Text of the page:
Tuesday, July 15, 2008

President Bush Past the Expiration Date

It was bad enough when, under the pretext of snuffing out weapons of mass destruction, President George W. Bush thrust the United States into a war in Iraq that now appears virtually intractable.

It became worse when, with no plan beyond the site of the air carrier deck, Mr. Bush declared "mission accomplished" when the mission clearly was nowhere near accomplished, no matter how inadequately the Bush Administration had set forth a mission statement.

It became worse yet when the Administration, the Administration that, upon taking control of the White House, announced that "the grownups" were in charge, outed an active CIA operative over a petty squabble with the operative's spouse.

Yes, as far back as 2003, the United States' predicament with the current occupant of the White House was dire. But Mr. Bush's Tuesday press conference--his first since April as he attempts to stay out of the news and out of the minds and hearts of voters--sent a signal to all Americans that the days of 2002 were indeed heady compared to the days of 2008. And, more significantly, the press conference serves as exhibit A as to why the United States ought to amend the U.S. Constitution to allow for mid-term removal of Presidents.

Lame duck presidents are something up with which Americans have had to put since the passage of the twenty-second Amendment to the Constitution in 1951. That Amendment stipulates that "No person shall be elected to the office of the President more than twice." The twenty-second Amendment was passed in response to the four-term presidency of FDR, who was so riddled with complications from polio that he was barely able to finish out a third term, let alone make much of a go of his fourth term.

Though the twenty-second Amendment clearly was an attempt to rid the U.S. system of an echo of a monarchical system, it had the unfortunate lasting detriment of imposing upon the U.S. electorate what has come charitably to be known as the "lame duck" presidency for any President elected to a second term. This has been particularly true of second-term Presidents in a divided system.

Since the passage of the twenty-second Amendment, five U.S. Presidents have been elected to a second term after serving one full term. Of the five, four finished their second term, with all four facing a congress controlled by the opposing party in their final term in office.

Until George W. Bush stepped back into the White House for a second term, a case could be made that, despite factors working against them, all three previous "lame duck" Presidents at least managed some progress, with Eisenhower, facing Soviet aggression and inheriting a military-industrial complex that he failed to conquer, arguably having the least amount of success.

Despite Eisenhower's difficulties, the former WWII General nevertheless stands, along with Ronald Reagan and Bill Clinton, as among the most popular Presidents in U.S. history at the time of leaving office. Unfortunately, for reasons that history will support, the current Bush President cannot and will not be able to make the same statement.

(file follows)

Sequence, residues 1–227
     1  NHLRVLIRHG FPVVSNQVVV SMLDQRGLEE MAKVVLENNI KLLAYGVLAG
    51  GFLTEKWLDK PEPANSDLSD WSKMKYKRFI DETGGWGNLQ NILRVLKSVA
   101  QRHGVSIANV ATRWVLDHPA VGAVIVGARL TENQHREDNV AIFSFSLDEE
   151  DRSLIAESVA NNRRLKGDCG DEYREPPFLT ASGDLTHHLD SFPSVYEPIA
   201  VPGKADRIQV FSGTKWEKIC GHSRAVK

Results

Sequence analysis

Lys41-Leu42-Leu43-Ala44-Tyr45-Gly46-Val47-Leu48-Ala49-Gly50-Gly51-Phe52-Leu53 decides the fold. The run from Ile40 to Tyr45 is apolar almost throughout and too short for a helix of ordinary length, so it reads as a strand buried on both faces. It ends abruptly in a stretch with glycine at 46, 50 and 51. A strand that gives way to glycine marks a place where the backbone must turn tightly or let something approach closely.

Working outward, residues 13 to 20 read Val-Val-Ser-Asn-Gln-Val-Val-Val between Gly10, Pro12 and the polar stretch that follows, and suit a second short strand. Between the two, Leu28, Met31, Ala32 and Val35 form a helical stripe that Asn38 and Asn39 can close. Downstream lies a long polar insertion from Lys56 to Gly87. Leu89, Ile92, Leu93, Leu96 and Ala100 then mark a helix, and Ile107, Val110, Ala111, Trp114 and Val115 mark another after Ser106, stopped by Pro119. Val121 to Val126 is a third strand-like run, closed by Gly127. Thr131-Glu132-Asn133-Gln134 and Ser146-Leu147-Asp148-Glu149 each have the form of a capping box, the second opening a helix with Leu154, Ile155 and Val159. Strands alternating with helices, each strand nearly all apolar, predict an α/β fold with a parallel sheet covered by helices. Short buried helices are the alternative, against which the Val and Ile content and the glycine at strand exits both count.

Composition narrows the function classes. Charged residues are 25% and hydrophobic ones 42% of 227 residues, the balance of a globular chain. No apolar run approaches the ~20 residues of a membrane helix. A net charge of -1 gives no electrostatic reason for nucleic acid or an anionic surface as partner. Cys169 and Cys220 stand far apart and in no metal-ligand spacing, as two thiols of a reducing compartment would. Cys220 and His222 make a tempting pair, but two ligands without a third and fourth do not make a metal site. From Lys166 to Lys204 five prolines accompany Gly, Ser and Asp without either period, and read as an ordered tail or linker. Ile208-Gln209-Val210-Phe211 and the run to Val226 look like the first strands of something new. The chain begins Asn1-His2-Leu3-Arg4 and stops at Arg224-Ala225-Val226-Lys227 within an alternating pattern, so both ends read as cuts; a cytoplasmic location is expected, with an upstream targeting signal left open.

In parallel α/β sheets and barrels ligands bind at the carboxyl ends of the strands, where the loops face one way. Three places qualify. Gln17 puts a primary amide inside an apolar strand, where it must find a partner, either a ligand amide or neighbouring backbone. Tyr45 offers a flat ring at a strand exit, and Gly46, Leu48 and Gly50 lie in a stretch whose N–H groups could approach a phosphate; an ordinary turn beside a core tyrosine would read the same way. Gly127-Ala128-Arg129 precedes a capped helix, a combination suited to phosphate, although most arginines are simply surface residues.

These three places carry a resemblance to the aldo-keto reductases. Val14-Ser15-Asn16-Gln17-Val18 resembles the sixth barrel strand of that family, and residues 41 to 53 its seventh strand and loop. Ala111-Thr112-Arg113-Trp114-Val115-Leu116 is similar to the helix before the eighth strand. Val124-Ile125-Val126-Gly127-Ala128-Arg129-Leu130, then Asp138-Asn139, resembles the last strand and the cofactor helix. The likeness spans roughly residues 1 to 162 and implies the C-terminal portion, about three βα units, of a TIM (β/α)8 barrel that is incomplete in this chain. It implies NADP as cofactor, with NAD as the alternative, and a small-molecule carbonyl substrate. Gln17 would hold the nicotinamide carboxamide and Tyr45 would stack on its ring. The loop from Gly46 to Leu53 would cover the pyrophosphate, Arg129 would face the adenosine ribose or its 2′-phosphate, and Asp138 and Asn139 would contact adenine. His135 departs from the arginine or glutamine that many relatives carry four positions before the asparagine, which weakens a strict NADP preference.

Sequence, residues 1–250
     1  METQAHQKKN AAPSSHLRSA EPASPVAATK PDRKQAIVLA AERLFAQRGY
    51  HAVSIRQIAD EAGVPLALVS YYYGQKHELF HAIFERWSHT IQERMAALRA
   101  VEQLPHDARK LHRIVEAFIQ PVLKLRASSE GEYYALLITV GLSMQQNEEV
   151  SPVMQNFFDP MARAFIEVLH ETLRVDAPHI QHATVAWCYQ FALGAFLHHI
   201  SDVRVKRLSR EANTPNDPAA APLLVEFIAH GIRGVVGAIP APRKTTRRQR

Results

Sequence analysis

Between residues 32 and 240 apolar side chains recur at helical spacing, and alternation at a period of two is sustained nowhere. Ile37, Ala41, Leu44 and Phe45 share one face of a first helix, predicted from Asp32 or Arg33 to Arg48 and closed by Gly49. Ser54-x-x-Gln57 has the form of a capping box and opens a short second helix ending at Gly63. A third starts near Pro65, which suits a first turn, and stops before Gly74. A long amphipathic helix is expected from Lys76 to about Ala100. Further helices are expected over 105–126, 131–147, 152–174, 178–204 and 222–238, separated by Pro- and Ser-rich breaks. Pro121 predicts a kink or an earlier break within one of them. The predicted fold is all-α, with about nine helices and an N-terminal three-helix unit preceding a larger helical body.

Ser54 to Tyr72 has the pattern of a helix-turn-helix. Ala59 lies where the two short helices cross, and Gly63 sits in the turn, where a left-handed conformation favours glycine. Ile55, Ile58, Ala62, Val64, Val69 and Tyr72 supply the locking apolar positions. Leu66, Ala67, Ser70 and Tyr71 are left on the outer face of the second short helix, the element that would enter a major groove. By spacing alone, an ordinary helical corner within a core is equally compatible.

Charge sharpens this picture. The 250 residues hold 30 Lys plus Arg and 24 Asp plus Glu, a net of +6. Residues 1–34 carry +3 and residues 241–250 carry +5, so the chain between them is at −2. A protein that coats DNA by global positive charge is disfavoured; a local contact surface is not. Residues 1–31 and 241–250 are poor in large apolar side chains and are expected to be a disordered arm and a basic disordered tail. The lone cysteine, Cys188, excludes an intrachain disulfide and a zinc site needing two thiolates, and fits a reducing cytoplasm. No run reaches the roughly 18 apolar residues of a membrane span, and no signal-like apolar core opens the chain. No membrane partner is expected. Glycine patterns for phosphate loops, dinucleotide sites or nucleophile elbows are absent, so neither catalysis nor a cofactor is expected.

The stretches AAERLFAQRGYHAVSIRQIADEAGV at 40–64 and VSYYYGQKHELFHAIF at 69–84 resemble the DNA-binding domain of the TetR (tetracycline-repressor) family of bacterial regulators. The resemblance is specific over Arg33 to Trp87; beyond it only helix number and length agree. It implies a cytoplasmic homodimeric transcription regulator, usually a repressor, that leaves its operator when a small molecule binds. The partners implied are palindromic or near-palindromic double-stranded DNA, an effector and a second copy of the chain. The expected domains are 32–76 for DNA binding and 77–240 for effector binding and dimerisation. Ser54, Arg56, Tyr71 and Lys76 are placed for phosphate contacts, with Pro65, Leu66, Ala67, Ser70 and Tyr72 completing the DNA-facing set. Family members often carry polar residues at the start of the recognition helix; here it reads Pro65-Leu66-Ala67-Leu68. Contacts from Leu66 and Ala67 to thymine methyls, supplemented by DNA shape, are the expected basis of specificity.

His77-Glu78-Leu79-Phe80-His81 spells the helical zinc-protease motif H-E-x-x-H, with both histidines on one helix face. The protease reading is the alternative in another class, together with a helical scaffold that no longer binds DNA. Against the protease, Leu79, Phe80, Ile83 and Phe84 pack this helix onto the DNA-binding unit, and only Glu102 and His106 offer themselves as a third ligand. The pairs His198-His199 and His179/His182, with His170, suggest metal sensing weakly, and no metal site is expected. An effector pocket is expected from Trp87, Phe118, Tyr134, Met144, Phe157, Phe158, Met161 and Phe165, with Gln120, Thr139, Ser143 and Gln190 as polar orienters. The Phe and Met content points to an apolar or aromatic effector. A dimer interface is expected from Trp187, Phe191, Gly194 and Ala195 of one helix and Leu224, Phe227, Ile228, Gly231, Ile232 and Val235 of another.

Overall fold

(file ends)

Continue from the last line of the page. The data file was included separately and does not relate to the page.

Poor policy and lack of forthrightness with the American public notwithstanding, Mr. Bush's second-term offers a vivid portrayal of why the U.S. system requires amending. For not only is Mr. Bush the principal behind numerous failed policies of action and inaction, he is also now challenging what is plain for all to see. Such stubbornness has made any traction on the myriad difficult issues facing the United States virtually impossible. Mr. Bush's Tuesday press conference, merely belies such intractability.

Attempting to allay public concerns about what appears to be a quickly degenerating U.S. economic condition, Bush began by recounting a tale that may or may not actually have occurred. ""I happened to witness a bank run in Midland, Texas, one time," Bush told reporters. "I'll never forget the guy standing in the bank lobby, saying, 'Your deposits are good. We got you insured. You don't have to worry about it if you got less than $100,000 in the bank.' The problem was, people didn't hear."

That statement typifies the daftness that appears to run rampant in the current White House. Taking Mr. Bush's own story at his word leaves us with no useful parable. Regardless of whether people heard what the Midland banker was saying, the bank's accounts were insured by the FDIC for accounts up to (rather than less than, as Mr. Bush suggested) $100,000. For the vast majority of Americans, that is the concern.

Clearly, Mr. Bush's concern rests with the proprietors of the bank who brought the bank close enough to the precipice of ruin to induce a run. The bank's failures are apparently lost on Mr. Bush, however, as he laments the downfall of Indymac rather than the significant inconvenience to Indymac's customers and the loss of savings for those with greater than $100,000 invested with Indymac who receive assurances from Indymac just three days prior to the bank's failure that the bank was in good shape.

Also lost on Mr. Bush is what his current proposal to bail out Fannie May and Freddie Mac entails. Mr. Bush contends that the floating of sweetheart Federal Reserve Loans to the two mortgage houses and the federal government's purchase of substantial stock interest in Fannie May and Freddie Mac do not constitute a government bailout of the lenders as both would remain "publicly held" entities. That's not even double-speak, it's simply obtuse.

Mr. Bush cannot call the Government's measures a "bail-out," of course, because, in the Republican lexicon, bail-outs are what Democrats provide. Republicans, meanwhile, let the chaff fall from the wheat--or so we are led to believe.

After more inane comments, Bush took to the stump to chide Democrats for their partisanship, blaming nearly all of the country's current problems on Democrats and accepting none of the blame at his doorstep or at the doorstep of the Republican Party that has controlled the federal government for six of the past eight years.